In his keynote address, the renowned actor, musician, and activist Theodore Bikel inspired the congress to take action. It was in Vienna that Mr. Bikel, who was born there in 1924, developed his passion for theater, and where his father used to read Yiddish plays aloud after dinner.

In putting Jewish theater into context, Mr. Bikel explained that those who work in it are not educators, preachers, or social workers. “We are performers. We dance, we sing, we make grownups laugh and children clap their hands. While we sometimes draw the audience into a heightened awareness of their lives, we just as often make them forget the day and lighten their burden.”

On the other hand, according to Mr. Bikel, Jewish theater’s cultural, literary, historical, and contemporary indicators “present a picture of the Jewish world in its many facets to a general audience. But we also hold a mirror up to ourselves for Jewish audiences to see.”

Artists present plays, films, poems, and songs pointing the way toward a better world. As Mr. Bikel said, “Theater helps restore faith. It reminds us that greatness is to be measured not by economic or military might, but rather by music, poetry and drama. The arts may be society’s last best hope for meaningful survival.”

The congress itself consisted of a variety of performances from all over the world. LaboraTORIA. olem, from Moscow, connected the work of the Yiddish poet Halper Leivik with biblical texts and contemporary forms. Teater Fusentast, a Norwegian children’s puppet theater, explored issues of discrimination and anti-Semitism in “Sand Between Your Toes.” In “It Sounds Better in Amharic,” Yossi Vassa of Tel Aviv’s Nephesh Theater recounted his 700-kilometer journey on foot from Ethiopia to a refugee camp in the Sudan and then, finally, to Israel. Irina Andreeva’s Teatr Novogo Fronta, of St. Petersburg and Prague, creates work that fuses mysticism and abstraction, circus art, and modern dance. Its performance of “The Dybbuk” made language unnecessary. Steven Cohen, a prominent South African performance artist, used his own body as his medium to point an accusing finger at social injustice.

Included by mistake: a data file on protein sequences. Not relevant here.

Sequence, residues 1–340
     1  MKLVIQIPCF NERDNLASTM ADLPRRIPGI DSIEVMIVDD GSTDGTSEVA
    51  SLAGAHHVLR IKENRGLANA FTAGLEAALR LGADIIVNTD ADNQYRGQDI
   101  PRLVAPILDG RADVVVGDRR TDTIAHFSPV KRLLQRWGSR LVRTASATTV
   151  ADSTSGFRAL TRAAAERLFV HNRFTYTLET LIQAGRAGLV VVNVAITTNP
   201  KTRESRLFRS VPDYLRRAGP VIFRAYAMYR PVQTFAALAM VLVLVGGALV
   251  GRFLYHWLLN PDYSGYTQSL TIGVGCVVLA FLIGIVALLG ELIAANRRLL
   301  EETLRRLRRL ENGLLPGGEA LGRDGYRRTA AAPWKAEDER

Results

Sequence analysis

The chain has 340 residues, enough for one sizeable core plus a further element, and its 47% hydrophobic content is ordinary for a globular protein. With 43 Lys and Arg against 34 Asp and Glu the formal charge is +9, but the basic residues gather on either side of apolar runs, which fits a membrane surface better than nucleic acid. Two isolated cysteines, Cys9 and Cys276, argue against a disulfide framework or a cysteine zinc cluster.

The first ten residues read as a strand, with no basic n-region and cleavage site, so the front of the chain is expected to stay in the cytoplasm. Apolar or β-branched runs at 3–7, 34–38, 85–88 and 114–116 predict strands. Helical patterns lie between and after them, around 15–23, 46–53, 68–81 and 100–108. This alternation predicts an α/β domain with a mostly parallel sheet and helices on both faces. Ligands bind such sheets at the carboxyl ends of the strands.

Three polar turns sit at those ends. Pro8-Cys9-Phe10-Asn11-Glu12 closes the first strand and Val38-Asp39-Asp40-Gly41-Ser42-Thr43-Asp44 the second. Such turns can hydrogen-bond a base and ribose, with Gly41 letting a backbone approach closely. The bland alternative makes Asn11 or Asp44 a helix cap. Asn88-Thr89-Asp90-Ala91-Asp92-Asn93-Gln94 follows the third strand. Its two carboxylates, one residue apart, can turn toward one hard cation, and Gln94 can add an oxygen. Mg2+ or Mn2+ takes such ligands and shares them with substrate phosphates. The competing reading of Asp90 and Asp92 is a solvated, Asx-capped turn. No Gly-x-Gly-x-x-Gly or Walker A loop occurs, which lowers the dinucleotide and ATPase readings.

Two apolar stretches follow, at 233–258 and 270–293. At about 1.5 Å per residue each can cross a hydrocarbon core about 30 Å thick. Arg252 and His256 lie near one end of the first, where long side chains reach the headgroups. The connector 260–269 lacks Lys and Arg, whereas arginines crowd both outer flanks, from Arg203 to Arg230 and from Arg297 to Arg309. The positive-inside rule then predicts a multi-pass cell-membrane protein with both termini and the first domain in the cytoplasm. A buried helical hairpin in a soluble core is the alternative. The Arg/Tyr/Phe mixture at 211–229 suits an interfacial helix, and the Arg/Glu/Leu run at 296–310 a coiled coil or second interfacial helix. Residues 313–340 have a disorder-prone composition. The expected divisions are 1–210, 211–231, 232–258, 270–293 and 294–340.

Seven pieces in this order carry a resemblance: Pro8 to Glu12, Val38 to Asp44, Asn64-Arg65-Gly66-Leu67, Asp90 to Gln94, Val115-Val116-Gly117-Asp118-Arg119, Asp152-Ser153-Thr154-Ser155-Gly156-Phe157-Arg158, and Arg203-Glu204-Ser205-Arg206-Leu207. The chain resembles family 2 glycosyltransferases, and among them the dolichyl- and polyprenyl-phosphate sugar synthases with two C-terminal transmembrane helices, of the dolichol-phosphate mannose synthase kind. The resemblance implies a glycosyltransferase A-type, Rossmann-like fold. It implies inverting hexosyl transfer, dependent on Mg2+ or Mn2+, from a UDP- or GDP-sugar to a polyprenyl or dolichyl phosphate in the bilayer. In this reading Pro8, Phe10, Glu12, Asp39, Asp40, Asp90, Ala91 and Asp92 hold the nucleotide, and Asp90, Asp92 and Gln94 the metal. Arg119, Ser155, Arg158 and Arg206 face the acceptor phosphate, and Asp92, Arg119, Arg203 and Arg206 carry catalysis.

The Nestroyhof Theater has not been converted into a Jewish theater yet, but everyone can share in this particular form of tikkun olam by writing to Restore the Nestroyhof, Kandlgasse 6/1, 1070 Vienna, Austria. Ask the government of Austria to restore the oncevibrant historic theater and bring Jewish theater and culture back to Vienna and Austria. Go to for more information.

And just as importantly, support your local Jewish theater. As Theodore Bikel said, “I do not believe that the Jewish song is better than the song of my neighbor. I sing it because it is mine. This is us, our turf, our theater. We do it because it is we who were entrusted with its guardianship.”

Susan F. Lodish, a theatrical director, is a Women′s League consultant and trainer, member of the Board of Directors, and past vice president. She is also a past president of the Philadelphia Region.

Copyright © 2007 United Synagogue of Conservative Judaism